By J. DeVoy
From the “putting a band-aid over a gaping wound” file, the U.S. Patent and Trademark Office (USPTO) is bringing more than 100 positions to Detroit, Michigan. The same Detroit seen on the television show Detroit 187, a timely show about the city’s absurdly high murder rate, and the very same Michigan that has been in a one-state recession since at least 2004.
For patent attorneys and would-be patent attorneys affected by the economy, this is welcome news. Over the last 5-10 years the boutique patent firm model has been folded into larger general-service firms, consolidating many clients and much of the talent within a comparatively small number of hands. For those willing to brave USAJobs.com, this may be an excellent opportunity. Moreover, because it is federal employment, mobility is less of an issue — have any bar license, will travel.
There’s just the minor issue that… oh yeah, it’s in Detroit. On that basis alone, I, someone who was in the 3L job search, would completely understand passing on the opportunity altogether. Put the bootstraps rhetoric aside for a moment: This is creating 100 professional-level jobs in a city where the employees are more likely to be killed than anywhere else in the country. Why not just put it in Mogadishu? There’s the option of living in the suburbs, but not the truly nice ones if you have any student debt. Your neighbors will be laid-off autoworker types who will resent the fancy-pants education you received like the people who took ‘der jerbs did, though you have a completely different degree and skill set. I won’t even address the area’s schools. The USPTO should have dropped all pretense and just said it was offering examiner jobs in Hell.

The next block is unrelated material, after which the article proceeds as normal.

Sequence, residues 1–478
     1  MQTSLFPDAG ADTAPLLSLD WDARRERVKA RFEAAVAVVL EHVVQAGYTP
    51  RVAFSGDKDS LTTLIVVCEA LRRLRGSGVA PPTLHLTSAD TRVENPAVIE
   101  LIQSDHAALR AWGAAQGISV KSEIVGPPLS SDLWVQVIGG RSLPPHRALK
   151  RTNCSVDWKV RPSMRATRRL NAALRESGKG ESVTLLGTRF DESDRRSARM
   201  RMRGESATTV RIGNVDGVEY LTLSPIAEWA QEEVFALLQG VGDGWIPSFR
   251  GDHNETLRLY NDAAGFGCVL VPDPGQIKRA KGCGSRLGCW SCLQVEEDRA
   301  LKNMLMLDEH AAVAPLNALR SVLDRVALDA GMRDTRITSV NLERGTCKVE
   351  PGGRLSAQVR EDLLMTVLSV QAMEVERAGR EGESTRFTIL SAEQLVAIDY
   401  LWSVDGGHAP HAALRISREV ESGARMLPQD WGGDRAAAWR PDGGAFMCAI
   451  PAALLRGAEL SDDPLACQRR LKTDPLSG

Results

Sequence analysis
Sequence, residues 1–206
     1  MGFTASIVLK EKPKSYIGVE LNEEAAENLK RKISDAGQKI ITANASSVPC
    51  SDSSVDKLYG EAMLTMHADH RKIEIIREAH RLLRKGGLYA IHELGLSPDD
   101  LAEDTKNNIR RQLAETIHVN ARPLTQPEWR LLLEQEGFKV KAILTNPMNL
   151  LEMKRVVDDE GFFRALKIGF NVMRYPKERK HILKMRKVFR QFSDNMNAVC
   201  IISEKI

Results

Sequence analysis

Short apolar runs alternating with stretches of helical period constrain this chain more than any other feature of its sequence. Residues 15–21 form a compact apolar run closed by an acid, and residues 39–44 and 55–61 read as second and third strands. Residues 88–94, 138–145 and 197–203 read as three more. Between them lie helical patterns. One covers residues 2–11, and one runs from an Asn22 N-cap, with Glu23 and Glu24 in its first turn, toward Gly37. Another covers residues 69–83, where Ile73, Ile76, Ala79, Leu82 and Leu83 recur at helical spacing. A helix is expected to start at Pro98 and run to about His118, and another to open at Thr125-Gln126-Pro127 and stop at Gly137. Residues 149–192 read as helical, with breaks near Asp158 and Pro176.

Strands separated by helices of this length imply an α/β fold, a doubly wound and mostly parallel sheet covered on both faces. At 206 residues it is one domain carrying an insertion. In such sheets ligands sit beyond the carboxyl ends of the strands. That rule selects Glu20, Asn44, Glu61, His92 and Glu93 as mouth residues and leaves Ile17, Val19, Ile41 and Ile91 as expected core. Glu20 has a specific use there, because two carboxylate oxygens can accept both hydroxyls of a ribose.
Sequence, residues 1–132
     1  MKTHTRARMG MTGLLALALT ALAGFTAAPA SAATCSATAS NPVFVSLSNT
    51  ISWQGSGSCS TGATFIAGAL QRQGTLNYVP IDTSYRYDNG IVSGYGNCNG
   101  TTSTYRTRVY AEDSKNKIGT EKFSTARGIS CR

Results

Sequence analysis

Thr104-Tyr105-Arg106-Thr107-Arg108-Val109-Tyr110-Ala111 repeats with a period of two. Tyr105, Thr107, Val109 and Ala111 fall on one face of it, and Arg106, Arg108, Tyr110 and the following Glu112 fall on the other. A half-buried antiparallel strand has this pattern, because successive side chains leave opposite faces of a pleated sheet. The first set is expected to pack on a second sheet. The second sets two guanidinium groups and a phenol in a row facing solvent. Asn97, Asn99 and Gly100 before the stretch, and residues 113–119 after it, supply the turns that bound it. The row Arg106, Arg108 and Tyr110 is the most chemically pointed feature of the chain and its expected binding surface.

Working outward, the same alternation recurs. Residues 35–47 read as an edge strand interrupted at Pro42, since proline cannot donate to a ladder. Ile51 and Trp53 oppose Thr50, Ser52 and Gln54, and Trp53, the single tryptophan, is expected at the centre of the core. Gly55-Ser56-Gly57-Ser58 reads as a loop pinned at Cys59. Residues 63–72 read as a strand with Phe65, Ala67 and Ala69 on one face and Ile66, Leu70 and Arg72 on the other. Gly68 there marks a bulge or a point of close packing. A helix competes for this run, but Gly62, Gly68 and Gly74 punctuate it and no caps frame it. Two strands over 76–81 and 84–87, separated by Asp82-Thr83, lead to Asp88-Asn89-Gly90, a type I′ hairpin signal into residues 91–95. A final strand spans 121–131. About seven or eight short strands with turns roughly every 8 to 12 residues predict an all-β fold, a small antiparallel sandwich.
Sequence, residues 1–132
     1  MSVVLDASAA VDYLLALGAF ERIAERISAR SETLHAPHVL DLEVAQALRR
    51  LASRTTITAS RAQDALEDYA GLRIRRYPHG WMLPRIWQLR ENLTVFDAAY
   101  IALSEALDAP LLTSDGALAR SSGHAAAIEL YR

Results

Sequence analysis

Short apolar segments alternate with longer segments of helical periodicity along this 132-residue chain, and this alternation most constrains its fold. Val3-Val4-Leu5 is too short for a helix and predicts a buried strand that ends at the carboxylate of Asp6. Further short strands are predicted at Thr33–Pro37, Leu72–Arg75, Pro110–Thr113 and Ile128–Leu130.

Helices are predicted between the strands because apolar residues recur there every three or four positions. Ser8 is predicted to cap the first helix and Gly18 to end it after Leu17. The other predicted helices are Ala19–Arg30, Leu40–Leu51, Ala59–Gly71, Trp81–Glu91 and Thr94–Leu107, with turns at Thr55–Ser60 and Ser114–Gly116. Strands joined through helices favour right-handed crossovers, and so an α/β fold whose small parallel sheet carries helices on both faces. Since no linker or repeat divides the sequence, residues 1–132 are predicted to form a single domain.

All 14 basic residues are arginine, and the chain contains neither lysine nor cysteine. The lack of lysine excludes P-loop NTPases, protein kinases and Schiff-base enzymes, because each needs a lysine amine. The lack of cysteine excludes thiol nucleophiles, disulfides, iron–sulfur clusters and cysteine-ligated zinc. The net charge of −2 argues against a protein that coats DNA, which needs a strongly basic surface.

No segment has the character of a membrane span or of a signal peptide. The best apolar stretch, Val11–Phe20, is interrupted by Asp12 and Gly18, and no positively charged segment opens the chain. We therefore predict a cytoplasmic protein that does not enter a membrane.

In fairness to a federal commitment to Southeast Michigan, this is not a bad idea. It would have been more attractive and better executed, though, if done in an area entering decline in an effort to stave it off, rather than as a means to resuscitate the dead and rotten corpse of what used to be a city. Google, for example, has capitalized on the University of Michigan’s intellectual capital by opening an office in Ann Arbor. Given the level of research and innovation produced by the university, as well as the indisputable quality of its law school, Ann Arbor would have been an ideal choice for the USPTO’s branch office.
I have no desire to see Detroit or Michigan further deteriorate, but a USPTO branch office is not going to be a cure for what ails the city. As a measure to stop any one area’s economic bleeding, Minneapolis, with its good law firms and four law schools, would have been an ideal choice. More to the point, it is exciting to see the USPTO taking an expansive view of its role. The opening of branch offices creates opportunities for those who would add value to the Office, but due to family or other commitments, cannot relocate to D.C. From the USPTO’s own press release:
The office represents the first phase of the USPTO’s Nationwide Workforce Program, an effort to hire more patent examiners and seek out additional resources and technical expertise in locations across the country
Depending on how the branch offices work and where they are located, there will be interesting district-by-district distinctions in patent litigation. Districts that had not seen many patent cases may end up with de novo challenges to registration disputes. A new era of administrative gamesmanship may begin, as the stakes for jurisdictional posturing could be higher than ever.